With 93% of vegetable seed varieties lost in the past 100 years there’s an imperative to lose no more.
How did we lose them?
Big seed companies bought out small heirloom seed businesses and retired their stock. Instead they developed and sold hybrids or, more recently, GMO varieties (country dependant), as our food became industralised.
In Europe they created a register of marketable seed varieties. To sell a variety commercially it had to be registered. It was expensive to register, so many 1000’s of varieties were lost as a result.
Why is it important not to lose more?
Considering it took up to 10,000 years to have developed the seeds it was a global disaster. What was lost didn’t just have historical value, we also lost genetic diversity. The extinct seeds may well have had specific genes which made the plant resistant to drought, frost, disease or other qualities that may have proved crucial in the future.
In the past decade we’ve had to reach back into heirloom varieties for such genetic qualities and, as a result, they have ‘saved’ sunflower, wheat and rice production in various parts of the world.
Who’s saving heirloom seeds?
Home gardeners have been, and likely always will be, the saviours and savers of rare seed varieties. To get to us seeds have had to have made it through wars, droughts, fires, floods and famines in an unbroken chain.
When you hold a rare bean in your hand there’s a sense of awe. It may only be a year old, but it’s ‘ancestors’ can often be traced back thousands of years, living and growing and keeping us alive, just as much as we did them.
The Cherokee Trail of Tears is a small black bean with a wretched history. People of the Cherokee Nation took it with them on the forced march from their rich lands to reservations – and poor soils. Approximately 6000 died. But the seeds survived and here we are in Southern Tasmania, growing it and holding it, and knowing its origins.
At Seed Storm 2017 a young woman shared an onion seed in the seed swap. She called it Grandfather’s Onion. She didn’t know it’s real name. Her grandfather had been growing and saving it for over 30 years. He’s gone now. In honour of him she continues to grow and eat it, and save seed from the best.
Where are the endangered seeds?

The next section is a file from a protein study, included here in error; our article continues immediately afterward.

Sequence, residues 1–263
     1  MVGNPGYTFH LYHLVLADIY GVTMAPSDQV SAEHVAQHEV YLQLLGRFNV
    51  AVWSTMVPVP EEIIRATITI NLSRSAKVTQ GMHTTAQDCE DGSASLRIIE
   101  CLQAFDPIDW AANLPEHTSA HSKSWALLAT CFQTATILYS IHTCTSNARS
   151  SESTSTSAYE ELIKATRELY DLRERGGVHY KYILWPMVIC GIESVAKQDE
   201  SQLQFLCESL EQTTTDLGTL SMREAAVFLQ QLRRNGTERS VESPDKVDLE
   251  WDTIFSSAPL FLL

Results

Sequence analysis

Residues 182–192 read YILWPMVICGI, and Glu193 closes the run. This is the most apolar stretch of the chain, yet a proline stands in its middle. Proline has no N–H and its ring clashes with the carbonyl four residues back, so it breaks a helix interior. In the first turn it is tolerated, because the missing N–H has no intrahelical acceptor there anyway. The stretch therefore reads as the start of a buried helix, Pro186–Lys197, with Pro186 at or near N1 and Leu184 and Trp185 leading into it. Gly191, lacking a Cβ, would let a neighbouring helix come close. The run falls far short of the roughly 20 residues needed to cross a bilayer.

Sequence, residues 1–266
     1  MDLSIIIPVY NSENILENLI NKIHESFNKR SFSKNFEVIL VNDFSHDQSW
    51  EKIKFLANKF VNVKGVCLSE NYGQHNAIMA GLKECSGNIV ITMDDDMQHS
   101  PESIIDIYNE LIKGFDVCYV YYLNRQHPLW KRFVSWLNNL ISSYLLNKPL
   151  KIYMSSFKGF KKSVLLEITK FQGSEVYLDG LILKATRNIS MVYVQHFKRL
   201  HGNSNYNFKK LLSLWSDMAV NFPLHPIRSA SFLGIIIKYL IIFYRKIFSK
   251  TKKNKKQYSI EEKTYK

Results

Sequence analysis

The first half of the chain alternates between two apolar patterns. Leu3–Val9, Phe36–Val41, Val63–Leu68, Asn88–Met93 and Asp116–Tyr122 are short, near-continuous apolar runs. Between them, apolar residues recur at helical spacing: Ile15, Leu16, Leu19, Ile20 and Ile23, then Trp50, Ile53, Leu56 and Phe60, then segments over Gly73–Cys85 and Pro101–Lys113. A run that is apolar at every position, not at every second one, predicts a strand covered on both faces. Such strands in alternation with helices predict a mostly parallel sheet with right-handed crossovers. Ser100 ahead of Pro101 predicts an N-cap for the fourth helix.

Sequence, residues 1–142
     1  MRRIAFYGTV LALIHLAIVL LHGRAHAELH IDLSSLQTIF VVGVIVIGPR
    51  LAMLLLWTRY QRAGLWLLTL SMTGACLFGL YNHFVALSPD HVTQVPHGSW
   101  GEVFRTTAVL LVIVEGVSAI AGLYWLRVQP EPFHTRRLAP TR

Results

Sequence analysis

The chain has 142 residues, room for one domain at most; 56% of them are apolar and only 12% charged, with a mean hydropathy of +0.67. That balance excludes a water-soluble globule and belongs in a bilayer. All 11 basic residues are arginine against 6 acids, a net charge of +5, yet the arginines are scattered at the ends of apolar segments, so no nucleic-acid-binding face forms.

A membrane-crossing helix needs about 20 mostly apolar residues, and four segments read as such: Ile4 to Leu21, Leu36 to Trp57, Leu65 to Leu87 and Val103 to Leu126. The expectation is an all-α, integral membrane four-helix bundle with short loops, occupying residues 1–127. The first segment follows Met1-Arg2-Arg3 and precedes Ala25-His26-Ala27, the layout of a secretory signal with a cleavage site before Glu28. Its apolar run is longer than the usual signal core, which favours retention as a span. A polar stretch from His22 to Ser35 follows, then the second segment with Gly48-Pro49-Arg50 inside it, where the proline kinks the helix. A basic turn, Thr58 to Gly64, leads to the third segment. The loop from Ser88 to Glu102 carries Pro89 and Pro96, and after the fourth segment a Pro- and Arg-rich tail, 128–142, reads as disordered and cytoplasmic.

There are many seeds that might appear extinct or are simply forgotten, yet you may have been growing them in your garden and saving the seed year in and year out. You may be getting older, and you may not have thought to hand on seeds to another grower. These are the seeds we’re looking for!
You might have arrived in Australia 50 years ago, you bought seeds from your country, something that kept you in touch with your roots, helped ease homesickness. You may not know the significance of what you’ve been saving. These are the seeds we’re looking for!
It’s also a great way to create a catalogue of what IS currently available in Australia. Many seed varieties can no longer be bought into Australia due to quarantine restrictions (which we support). We’re not encouraging the illegal import of seeds, but you may have something you bought in before the restrictions were put in place, in which case – these are the seeds we’re looking for!
What is the Australian Heirloom Seed Register for?
We’re tiny. We grow on 3.5 acres of land in Southern Tasmania. We can only keep in circulation a small number of varieties (currently around 350). But within Australia we have enough backyard gardeners to ensure every heirloom has a chance. The Australian Heirloom Seed Register is one way we can help put people in touch with each other.
It’s also a place you can share the story of your seed. The stories can be fascinating. Discovering an old jar in a basement half full of seed, finding only a few still germinate, but that you’ve bought back from the dead a variety thought extinct. Or simply the unbroken chain of family members who’ve passed on a variety that had significance to them. There’s a place to record that too. We don’t just don’t pass on seeds, we pass on stories.
There is something reverential about seed. Almost everything we eat is plant based, or could not exist without plants. We are entirely reliant on them and at least 6 inches of top soil. Both of these are eroding.
In a world where things seems dire and we’re ‘peak everything’, it’s an opportunity to do something positive. Maybe you could consider adopting a rare heirloom and becoming its custodian?
How do I fill in the Seed Register Form?
The form has been deliberately kept simple. Ensure you respond to all questions with a red * Once submitted it’s added to a private database. Every couple of days we’ll update the public register. We plan to do that regularly, but during some particularly full on periods (Feb-May) it may take up to a week.
When you view the seed register it may take a few seconds to fully load. Click on the green icon on the left hand side of the page to drop down further information including indications for whether the seed is available for swapping etc, perhaps an image and maybe even a seed story.
If you have issues with the form please send the information to email and we’ll fill it in for you.